- I’d ask in a very roundabout way not whether I will have kids, but rather if there are any absolutely crucial mistakes I should be wary of making with any kids I might have. I’m less curious about whether it turns out I have kids (I suppose it’ll eventually happen) but I am intensely curious about how well I manage a job like parenting, or rather I am intensely curious about what kinds of mistakes I will make.
- I’d ask if there is any one absolutely crucial professional error that I should avoid. Perhaps the publication of a political article that makes publishing thereafter difficult for me, or a novel that bombs and necessitates my taking up a penname. Or neglecting my poetry, which after a long struggle and surrender in fiction, becomes my successful mainstay, or something. Yeah, I’d like to be warned about one mistake I should look out for as a writer, and then let that be that.
I suppose there are many more far-reaching questions I could ask about my life and “how it turned out”, but then again I think that finding out how my life turned out is something that would take out some of that magic of living my life as I go along. You know, there’s an article Ursula K. Le Guin wrote once, and in it she describes this Indian tribe from somewhere in South America, I think (I can’t remember for sure) whose metaphor for the way we move through time in our lives involves walking backwards into the future: you can see the past clearly but all you can do with the future is glimpse around and try to guess, and hope. As it is, I’m even a little uncomfortable with the idea of meeting this old Gord for a drink or coffee: what if he wants coffee: does that mean he’s gone teetotal? What if he wants whiskey? Has he succumbed to the genes that ensured his paternal grandpa had a glass of whiskey in hand day-in, day-out (as my mother reports it, anyway; though in his defense she also says he was never drunk).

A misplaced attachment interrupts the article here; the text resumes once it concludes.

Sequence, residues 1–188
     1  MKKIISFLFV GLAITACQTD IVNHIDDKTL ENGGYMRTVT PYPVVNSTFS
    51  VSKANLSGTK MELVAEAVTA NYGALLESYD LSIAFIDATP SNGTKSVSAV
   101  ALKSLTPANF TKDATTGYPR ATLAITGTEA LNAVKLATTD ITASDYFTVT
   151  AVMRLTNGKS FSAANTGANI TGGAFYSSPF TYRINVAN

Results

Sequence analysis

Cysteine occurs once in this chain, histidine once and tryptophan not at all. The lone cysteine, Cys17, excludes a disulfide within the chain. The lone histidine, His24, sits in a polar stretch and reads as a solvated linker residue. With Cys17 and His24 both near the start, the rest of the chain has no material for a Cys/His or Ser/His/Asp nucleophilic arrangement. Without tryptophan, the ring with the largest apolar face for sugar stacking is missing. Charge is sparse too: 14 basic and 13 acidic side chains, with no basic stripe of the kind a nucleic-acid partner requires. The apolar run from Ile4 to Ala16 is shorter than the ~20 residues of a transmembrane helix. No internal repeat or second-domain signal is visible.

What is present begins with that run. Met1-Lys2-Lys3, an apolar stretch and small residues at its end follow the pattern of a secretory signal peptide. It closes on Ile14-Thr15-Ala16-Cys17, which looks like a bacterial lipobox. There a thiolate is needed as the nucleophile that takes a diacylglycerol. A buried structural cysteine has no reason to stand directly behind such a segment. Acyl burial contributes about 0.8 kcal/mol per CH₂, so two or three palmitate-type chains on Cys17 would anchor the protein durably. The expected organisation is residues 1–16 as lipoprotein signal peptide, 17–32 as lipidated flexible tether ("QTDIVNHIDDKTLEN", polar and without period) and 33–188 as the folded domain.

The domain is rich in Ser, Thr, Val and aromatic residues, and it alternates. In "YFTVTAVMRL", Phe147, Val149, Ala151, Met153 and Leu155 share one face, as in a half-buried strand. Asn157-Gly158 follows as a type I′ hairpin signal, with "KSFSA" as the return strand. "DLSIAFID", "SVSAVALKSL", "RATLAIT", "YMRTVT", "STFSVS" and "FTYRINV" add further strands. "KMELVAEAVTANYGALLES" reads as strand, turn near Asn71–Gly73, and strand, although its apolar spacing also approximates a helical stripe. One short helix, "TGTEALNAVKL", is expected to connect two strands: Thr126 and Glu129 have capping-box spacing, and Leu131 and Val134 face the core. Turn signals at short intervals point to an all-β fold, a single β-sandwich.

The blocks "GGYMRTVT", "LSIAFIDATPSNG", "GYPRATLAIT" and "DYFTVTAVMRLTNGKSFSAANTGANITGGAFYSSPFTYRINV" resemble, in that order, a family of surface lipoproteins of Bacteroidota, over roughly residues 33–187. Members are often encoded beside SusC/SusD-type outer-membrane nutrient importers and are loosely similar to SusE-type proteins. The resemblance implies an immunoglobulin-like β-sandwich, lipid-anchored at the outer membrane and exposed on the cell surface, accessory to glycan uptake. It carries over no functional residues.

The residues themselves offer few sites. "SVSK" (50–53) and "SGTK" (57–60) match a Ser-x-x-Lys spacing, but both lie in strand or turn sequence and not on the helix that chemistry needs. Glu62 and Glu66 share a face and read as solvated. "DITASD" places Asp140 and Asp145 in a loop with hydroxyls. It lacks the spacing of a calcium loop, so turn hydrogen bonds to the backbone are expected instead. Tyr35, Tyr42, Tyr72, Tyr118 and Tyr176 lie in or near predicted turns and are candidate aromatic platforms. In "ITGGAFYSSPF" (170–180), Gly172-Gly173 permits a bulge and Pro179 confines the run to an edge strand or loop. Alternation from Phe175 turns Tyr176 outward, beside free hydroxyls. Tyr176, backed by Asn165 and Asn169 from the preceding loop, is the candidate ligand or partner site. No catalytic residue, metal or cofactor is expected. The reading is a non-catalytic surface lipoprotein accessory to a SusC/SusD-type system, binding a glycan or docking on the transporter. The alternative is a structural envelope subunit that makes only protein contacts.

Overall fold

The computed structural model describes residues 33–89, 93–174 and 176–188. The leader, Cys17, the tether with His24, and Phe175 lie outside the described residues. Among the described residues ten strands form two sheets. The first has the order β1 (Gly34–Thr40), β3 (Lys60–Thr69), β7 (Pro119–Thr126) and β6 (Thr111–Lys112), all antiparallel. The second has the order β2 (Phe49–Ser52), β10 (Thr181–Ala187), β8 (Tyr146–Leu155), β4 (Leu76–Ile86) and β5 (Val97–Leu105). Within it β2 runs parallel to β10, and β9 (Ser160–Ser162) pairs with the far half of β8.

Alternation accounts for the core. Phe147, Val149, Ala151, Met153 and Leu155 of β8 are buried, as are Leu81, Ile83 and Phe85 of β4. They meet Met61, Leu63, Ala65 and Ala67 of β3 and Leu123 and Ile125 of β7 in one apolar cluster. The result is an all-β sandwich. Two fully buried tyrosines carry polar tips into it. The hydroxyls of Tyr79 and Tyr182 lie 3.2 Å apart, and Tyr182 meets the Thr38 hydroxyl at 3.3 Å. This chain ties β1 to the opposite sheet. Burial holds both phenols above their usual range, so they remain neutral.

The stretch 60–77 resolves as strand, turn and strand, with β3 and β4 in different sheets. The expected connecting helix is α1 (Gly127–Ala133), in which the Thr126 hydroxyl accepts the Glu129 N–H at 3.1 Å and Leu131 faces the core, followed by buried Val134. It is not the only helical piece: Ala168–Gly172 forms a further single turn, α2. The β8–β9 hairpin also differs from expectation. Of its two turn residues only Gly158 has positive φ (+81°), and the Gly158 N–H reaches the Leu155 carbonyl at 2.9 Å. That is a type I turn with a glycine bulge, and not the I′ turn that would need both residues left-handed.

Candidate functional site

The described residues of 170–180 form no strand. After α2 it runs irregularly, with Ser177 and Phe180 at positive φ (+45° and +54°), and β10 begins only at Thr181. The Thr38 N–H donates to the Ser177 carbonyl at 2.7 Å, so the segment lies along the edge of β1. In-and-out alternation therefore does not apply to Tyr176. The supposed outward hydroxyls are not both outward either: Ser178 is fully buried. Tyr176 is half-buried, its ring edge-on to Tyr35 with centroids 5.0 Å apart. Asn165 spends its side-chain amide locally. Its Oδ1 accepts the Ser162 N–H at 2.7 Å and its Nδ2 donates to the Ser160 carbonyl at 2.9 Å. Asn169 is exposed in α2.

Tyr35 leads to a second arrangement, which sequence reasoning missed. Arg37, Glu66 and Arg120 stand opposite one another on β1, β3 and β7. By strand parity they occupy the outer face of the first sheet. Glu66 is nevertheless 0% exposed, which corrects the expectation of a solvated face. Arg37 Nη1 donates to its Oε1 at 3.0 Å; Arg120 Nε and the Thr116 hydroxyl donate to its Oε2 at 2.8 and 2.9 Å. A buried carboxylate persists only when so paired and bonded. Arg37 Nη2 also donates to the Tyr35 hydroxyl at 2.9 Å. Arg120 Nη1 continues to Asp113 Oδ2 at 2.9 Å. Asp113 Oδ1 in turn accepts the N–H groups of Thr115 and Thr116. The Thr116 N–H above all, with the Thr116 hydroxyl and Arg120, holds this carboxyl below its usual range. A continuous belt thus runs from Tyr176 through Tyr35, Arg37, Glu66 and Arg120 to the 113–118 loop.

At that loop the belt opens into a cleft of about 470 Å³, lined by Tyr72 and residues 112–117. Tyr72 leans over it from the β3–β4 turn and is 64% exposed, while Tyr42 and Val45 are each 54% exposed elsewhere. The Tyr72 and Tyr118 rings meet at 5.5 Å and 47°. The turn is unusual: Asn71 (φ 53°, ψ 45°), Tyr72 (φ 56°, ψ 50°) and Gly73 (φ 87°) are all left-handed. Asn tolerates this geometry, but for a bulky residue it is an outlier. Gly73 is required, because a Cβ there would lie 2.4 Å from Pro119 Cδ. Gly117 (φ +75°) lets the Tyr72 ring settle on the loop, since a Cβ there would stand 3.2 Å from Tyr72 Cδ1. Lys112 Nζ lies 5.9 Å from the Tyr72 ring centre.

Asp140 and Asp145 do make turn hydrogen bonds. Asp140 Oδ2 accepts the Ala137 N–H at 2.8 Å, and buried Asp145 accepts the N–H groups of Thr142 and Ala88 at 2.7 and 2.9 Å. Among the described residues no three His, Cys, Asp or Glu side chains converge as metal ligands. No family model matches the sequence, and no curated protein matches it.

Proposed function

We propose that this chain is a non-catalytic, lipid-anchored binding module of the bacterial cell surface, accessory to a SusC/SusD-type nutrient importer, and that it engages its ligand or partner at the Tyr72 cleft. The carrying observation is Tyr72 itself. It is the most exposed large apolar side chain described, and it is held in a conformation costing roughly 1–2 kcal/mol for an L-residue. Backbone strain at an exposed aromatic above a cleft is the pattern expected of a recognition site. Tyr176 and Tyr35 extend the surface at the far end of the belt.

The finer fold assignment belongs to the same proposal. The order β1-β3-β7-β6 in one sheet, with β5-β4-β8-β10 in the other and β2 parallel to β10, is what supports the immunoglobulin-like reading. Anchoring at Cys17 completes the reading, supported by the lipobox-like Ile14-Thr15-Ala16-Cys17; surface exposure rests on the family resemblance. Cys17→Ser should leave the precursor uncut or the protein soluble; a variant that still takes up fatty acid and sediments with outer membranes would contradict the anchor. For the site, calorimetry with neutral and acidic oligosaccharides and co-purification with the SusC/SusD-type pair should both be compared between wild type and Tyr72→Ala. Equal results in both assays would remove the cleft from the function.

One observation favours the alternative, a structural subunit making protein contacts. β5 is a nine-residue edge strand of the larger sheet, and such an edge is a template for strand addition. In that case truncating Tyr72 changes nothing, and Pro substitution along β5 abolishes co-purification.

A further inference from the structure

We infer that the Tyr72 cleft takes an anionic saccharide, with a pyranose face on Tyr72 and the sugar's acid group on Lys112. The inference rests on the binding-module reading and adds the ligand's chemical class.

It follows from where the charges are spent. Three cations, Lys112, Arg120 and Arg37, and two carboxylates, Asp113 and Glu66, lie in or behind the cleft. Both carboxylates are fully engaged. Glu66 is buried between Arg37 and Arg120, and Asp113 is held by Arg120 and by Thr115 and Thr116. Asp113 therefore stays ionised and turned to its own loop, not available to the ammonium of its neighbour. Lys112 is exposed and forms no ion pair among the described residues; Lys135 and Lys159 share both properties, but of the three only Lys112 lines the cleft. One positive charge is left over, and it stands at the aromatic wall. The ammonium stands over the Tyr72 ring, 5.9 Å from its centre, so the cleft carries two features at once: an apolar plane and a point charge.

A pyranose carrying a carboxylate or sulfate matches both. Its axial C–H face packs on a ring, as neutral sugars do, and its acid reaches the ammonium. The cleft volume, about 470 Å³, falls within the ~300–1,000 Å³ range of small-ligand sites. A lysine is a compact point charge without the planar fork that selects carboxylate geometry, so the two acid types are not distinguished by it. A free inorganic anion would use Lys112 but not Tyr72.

I don’t know how good for me too much of seeing the future would be; too much knowledge might, well, ruin the fun of making mistakes and learning things on the way. I know from my life experience that even from the mistakes you’d never make if you had the chance to live your life once more, even from those mistakes you learn and grow.
I’m pretty happily absorbed in this “walking backwards” business now, of course, because a rain of blessings is showering down onto my life. I know for a fact that a year ago I would have asked far different questions, far more edgy ones and ones laden with existential dilemma-sounding implications. But I feel like I’ve settled into living my life, walking backwards into my future like the rest of people around me, and I even think it’s kind of exciting that way. But from where I stand right now, I much less want a road map, as much as just a few travel tips and warnings about pitfalls and cliffs.
Oh, one runner up: I would ask where in Korea the good fishing holes are around here. I like fishing but never catching anything does wear on one after a while.
Yes, I’d like to look a little like this old happy guy on selected afternoons in my old age. And hey, look at that fish. The image is a link to the source, by the way; it’s used without permission, because nobody will really care and because it’s a funny pic.